A panic attack amplifies the body’s normal response to stress, agitation, or danger. It’s a type of sudden period of fear response and discomfort. For example, at the stage of a panic attack, a person can be very scared that they are having a heart attack, losing control, fainting, dying, and so on. There are three types of panic that have not changed over time and for which it has created a reliable scale for measuring dehydration, respiratory panic, and cardiac panic.

What are the symptoms of panic attacks?

Panic attacks can start suddenly with no warning, but certain situations usually trigger them over time. For example, it can happen when relaxing or even when asleep.

  1. Rapid breathing, Shortness of breath, or tightness in the throat.
  2. Stomach upset or nausea
  3. Being smothered or choking
  4. Abdominal cramping
  5. Sweating
  6. Headache
  7. Chest pain or discomfort
  8. Tense muscles
  9. Dry mouth
  10. Feeling unsteady
  11. Shaking or trepidation
  12. Feeling light-headed, dizzy, or fearful
  13. Feeling cool or hot
  14. Numbness or tingling
  15. Anxious and irrational thinking
  16. Fear of losing control or going crazy
  17. Feeling detached from yourself
  18. Sense of impending danger
  19. A feeling of detachment or unreality
  20. Fear of loss of control or death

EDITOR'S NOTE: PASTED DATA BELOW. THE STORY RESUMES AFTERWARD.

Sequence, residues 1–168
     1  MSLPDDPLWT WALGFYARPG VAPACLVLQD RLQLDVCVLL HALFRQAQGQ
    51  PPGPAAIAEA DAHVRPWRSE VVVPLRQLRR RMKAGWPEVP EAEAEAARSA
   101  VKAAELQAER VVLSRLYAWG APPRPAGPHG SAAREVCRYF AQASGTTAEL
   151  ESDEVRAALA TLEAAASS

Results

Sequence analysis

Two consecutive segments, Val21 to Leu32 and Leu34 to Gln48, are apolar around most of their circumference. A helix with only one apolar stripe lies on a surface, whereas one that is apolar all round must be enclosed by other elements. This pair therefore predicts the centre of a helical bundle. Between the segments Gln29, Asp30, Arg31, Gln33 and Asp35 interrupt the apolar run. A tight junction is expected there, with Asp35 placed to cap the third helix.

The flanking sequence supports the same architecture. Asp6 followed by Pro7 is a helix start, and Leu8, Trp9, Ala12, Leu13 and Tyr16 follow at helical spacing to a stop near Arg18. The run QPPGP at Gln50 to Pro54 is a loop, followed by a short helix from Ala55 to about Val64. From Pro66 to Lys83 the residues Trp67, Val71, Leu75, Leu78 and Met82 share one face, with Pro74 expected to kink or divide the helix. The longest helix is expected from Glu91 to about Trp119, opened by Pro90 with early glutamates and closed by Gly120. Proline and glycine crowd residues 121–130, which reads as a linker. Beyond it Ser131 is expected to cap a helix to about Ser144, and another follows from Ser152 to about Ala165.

Symptoms of a panic attack can be similar to a heart attack. Because of panic attacks, many people seek emergency treatment. If it is chest pain and other heart attack symptoms, seek medical attention immediately.

How long do panic attacks last?

Panic attacks are usually short-lived, lasting less than ten minutes. However, some symptoms can be chronic. Though not extremely unpleasant, unusual, or fatal, an isolated panic attack.

Panic attacks can be a symptom of other anxiety disorders. A person with one panic attack is at a higher risk than a person who has never had a panic attack. Panic attacks and panic disorders both are not the same things. If a person is worried that the attacks will be repeated and more will occur, the person may have a panic disorder.

Repeated panic attacks when there is no reason to fight, run away, or react. For fear of a second attack changes daily activities.

Some are afraid to be in the crowd, line up, or go to the shopping center. They are afraid of a recurrence of panic attacks and an inability to escape. This problem is called agoraphobia. Some people feel so sick that they never leave home.

Who might have panic attacks?

Anybody can experience a panic attack. However, the factors that play a role in a panic attack are as follows:

Age: Panic attacks usually first occur in the late teens or early adulthood. People of all ages, even children, can have a panic attack.

Gender: The incidence of panic attacks is twice as high in women as in men

What causes panic attacks?

The reason for some people’s panic attacks is unknown to experts. However, the brain and nervous system play a key role in perceiving and dealing with fear and anxiety. The following issues increase the risk of having panic attacks: